A Slave No More
A Slave No More
Two Men Who Escaped to Freedom, Including Their Own Narratives of Emancipation
Houghton Mifflin Harcourt, Hardcover, 9780151012329, 320pp.
Publication Date: November 1, 2007
Slave narratives, some of the most powerful records of our past, are extremely rare, with only fifty-five post–Civil War narratives surviving. A mere handful are first-person accounts by slaves who ran away and freed themselves. Now two newly uncovered narratives, and the biographies of the men who wrote them, join that exclusive group with the publication of A Slave No More, a major new addition to the canon of American history. Handed down through family and friends, these narratives tell gripping stories of escape: Through a combination of intelligence, daring, and sheer luck, the men reached the protection of the occupying Union troops. David W. Blight magnifies the drama and significance by prefacing the narratives with each man’s life history. Using a wealth of genealogical information, Blight has reconstructed their childhoods as sons of white slaveholders, their service as cooks and camp hands during the Civil War, and their climb to black working-class stability in the north, where they reunited their families.In the stories of Turnage and Washington, we find history at its most intimate, portals that offer a rich new answer to the question of how four million people moved from slavery to freedom. In A Slave No More, the untold stories of two ordinary men take their place at the heart of the American experience.
DAVID W. BLIGHT is the director of Yale University’s Gilder Lehrman Center for the Study of Slavery, Resistance, and Abolition and a professor of American history. His books include Race and Reunion, which won the Frederick Douglass Prize, the Lincoln Prize, and the Bancroft Prize. He lives in New Haven, Connecticut.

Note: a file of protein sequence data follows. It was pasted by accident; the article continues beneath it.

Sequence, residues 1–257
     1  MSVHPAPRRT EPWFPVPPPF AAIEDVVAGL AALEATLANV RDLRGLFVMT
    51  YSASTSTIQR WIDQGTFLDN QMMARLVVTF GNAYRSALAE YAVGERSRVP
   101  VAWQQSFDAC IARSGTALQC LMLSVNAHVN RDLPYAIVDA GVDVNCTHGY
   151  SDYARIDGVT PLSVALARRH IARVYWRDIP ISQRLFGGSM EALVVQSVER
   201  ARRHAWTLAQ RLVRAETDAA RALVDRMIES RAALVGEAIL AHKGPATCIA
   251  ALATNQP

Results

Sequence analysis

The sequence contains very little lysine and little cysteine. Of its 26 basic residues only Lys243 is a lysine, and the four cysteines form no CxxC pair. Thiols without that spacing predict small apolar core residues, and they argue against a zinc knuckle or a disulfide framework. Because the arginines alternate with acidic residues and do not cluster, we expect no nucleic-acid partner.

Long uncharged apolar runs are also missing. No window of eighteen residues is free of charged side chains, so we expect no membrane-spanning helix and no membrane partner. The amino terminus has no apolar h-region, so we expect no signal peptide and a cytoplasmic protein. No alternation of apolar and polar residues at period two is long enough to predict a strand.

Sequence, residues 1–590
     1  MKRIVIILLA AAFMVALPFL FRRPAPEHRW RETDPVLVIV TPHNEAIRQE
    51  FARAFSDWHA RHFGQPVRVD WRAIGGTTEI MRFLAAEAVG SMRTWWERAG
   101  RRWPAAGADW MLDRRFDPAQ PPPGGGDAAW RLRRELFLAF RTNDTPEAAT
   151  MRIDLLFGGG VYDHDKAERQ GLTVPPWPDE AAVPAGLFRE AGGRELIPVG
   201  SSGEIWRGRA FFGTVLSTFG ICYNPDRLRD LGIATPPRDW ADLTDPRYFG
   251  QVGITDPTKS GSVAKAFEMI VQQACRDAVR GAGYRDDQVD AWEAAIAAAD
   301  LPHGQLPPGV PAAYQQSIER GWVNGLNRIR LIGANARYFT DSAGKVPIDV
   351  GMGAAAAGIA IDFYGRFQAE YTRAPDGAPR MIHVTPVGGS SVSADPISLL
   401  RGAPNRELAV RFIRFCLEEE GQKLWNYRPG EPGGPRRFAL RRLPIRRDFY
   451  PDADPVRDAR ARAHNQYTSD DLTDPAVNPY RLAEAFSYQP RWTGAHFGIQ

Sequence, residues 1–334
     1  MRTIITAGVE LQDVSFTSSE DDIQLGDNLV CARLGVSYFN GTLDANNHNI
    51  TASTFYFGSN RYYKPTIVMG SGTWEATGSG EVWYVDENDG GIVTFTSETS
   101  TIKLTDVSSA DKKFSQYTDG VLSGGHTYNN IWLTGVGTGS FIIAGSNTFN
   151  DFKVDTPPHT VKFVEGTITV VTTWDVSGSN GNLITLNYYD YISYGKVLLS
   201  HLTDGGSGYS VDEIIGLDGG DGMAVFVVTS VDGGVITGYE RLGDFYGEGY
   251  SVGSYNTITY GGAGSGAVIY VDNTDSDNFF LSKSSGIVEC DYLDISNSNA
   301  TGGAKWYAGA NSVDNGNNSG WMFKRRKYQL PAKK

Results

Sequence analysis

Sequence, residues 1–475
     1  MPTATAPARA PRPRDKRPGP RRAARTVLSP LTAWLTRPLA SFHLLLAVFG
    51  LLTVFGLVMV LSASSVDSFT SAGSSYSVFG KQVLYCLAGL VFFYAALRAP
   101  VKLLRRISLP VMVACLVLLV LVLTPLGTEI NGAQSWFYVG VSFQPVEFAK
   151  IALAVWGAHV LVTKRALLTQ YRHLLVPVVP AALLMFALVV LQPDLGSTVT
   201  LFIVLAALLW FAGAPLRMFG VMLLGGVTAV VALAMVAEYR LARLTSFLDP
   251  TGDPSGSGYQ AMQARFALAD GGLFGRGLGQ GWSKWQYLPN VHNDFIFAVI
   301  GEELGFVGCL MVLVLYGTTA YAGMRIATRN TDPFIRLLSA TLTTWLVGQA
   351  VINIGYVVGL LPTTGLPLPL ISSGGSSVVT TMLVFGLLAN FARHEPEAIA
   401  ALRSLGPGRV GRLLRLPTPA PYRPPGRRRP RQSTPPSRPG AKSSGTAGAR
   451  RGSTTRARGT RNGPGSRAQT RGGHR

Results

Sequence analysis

PRAISE FOR ROWING TO FREEDOM
"Rowing to Freedom is a remarkable and rare volume. We are fortunate that David Blight, a foremost authority on the slave narrative, has applied his considerable skills as historian and detective to these extraordinary stories of 'ordinary' men. As if their own stories of slavery and the flight to freedom were not fascinating enough, Blight has filled in the details of their lives after slavery in a way that re-creates both the turbulence and nearly unfathomable joy of emancipation. The narratives of Turnage and Washington will surely take their place among the most moving and instructive examples of the genre." --Henry Louis Gates, Jr.
"Together, Blight's meticulous research and the previously unknown autobiographical writings of these two men bring to life with unprecedented power the human dimensions of slavery and emancipation." --Eric Foner
"Rowing to Freedom presents two of the most significant finds in the entire genre of slave narratives and of the primary material from the Civil War." --David Levering Lewis, Pulitzer Prize–winning author of W. E. B. Du Bois: Biography of a Race, 1868–1919
"David Blight combines the authority of a great historian with the humanistic zeal of a novelist . . . Rowing to Freedom is a compelling account of two men of remarkable courage who, by writing down their stories, sought to make themselves visible. Neither man could have wished for a more sympathetic or knowledgeable interpreter than David Blight." --Caryl Phillips, author of A Distant Shore